These fundamental problems led many socialist thinkers to envision a utopia (ironically, "utopia" is translated as "no where") in which these problems would be no more than a memory and society would be organized as a non-exploitive and equality-laden place. Bellamy's answer to these problems takes shape as a society that has reached utopia and has solved the issues of the Industrial Revolution. Worker strife and abuse have been done away with, as have the plundering by the rich and their correspondingly lofty lifestyles. All members of American society now happily interact for the benefit of all, by working in the labor force for a portion of their lives and then spending the rest in leisure to pursue the finer things in life, according to their interests.

A few things stand out as missing in the end product of Bellamy's vision, elements of modern society we consider "good things". There are not many, but there exists facets of thought and consideration which, in retrospect, are suspiciously missing or lacking in his version.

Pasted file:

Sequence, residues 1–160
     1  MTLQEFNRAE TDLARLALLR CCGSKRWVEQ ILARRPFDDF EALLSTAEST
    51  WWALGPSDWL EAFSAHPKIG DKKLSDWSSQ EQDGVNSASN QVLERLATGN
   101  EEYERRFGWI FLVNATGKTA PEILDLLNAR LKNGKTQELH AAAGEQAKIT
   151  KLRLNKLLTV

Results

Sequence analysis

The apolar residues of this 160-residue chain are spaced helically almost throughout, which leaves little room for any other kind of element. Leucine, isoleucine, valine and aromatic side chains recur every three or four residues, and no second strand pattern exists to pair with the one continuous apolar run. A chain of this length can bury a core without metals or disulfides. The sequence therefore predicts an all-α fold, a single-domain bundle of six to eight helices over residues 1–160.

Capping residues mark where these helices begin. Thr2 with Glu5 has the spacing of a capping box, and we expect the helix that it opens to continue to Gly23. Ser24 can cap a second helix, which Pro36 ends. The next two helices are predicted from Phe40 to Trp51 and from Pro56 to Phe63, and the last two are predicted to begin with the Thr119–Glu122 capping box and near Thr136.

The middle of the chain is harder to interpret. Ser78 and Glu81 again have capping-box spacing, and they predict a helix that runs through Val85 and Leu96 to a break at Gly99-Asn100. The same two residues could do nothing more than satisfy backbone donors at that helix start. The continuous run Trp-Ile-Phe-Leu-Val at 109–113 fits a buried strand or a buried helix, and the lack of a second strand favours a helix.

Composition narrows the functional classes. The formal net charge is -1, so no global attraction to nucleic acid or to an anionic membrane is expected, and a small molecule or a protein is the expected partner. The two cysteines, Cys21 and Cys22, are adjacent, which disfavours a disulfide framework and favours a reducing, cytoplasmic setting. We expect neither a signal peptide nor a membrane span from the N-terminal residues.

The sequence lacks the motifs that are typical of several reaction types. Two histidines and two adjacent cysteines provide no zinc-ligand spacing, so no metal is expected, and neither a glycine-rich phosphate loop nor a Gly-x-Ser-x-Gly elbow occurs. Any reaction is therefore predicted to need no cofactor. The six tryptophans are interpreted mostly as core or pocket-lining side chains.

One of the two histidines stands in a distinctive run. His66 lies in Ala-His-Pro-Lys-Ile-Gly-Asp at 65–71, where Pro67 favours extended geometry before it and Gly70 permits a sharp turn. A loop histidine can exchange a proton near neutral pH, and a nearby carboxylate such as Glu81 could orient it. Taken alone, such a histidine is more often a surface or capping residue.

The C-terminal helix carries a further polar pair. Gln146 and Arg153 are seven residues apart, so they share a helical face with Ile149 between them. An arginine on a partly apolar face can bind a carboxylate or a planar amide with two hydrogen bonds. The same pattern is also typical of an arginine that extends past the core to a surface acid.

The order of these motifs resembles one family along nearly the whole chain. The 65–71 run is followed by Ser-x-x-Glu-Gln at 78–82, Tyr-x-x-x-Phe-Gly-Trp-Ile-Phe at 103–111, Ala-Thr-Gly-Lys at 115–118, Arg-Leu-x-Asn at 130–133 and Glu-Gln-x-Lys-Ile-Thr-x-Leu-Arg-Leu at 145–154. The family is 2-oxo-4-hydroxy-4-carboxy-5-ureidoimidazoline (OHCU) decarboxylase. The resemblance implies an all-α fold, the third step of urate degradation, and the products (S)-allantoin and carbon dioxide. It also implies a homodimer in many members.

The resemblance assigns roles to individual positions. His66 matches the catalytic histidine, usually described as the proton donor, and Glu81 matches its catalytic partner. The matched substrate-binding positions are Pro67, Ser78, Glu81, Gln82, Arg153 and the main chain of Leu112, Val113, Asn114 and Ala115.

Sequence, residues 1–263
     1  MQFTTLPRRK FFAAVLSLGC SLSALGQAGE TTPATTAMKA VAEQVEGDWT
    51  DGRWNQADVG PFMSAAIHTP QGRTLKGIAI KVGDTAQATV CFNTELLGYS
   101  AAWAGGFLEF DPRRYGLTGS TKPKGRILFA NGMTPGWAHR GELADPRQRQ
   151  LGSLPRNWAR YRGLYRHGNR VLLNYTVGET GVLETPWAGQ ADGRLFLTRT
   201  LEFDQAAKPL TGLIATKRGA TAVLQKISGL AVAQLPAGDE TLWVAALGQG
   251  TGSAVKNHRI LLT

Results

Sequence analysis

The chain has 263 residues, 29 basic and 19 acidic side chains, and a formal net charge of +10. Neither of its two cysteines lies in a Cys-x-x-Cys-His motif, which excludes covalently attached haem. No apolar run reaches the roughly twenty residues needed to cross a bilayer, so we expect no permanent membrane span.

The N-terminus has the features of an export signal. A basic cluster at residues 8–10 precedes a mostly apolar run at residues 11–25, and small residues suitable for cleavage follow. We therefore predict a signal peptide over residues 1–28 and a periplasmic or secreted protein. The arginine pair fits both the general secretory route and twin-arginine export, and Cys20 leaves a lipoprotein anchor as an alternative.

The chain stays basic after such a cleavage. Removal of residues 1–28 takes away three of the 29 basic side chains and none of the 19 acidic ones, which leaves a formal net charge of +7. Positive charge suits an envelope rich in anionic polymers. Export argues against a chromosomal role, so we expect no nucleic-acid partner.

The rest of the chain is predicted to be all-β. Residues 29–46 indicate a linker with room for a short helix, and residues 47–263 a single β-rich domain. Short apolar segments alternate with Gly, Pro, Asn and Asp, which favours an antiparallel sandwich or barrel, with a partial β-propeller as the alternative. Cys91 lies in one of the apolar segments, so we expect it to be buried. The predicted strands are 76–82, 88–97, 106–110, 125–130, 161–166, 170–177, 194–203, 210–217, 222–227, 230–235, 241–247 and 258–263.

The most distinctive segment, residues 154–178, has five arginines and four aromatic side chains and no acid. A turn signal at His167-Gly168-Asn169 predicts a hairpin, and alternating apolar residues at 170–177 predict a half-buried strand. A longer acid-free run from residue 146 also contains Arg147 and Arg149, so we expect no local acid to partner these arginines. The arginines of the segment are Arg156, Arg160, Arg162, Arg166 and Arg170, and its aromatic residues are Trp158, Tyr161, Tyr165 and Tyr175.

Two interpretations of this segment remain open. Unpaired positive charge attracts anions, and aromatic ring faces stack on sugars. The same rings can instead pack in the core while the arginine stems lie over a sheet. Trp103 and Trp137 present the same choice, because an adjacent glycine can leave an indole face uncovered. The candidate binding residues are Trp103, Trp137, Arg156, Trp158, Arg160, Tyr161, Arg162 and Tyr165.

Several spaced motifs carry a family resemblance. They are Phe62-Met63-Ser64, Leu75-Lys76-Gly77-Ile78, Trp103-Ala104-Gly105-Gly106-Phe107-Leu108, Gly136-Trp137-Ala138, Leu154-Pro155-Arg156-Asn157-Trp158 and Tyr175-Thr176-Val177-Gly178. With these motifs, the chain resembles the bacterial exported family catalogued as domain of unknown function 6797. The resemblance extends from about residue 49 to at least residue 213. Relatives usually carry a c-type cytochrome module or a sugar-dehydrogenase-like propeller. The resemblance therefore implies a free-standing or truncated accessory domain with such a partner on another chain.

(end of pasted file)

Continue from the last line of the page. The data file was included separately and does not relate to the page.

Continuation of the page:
Gender liberation is one of the most prominent of these, although he does more than his contemporaries do to address the issue of subtle sexism and gender discrimination. He does fall short of some other socialists and anarchists in this respect, notably Emma Goldman who confronted these issues head-on, and would not be satisfied with "concessions", even the ones Bellamy made. No matter how noble his assertions are in respect to the status of women in society, he portrays the lead female role in his book as a person who does not follow the labor obligations and rights he ascribes women; rather Edith Leete seems content to sharpen her skills as a shopper and entertain Julian West (pg. 90). Thus she behaves in a way much less independent than nearly all women in our present society.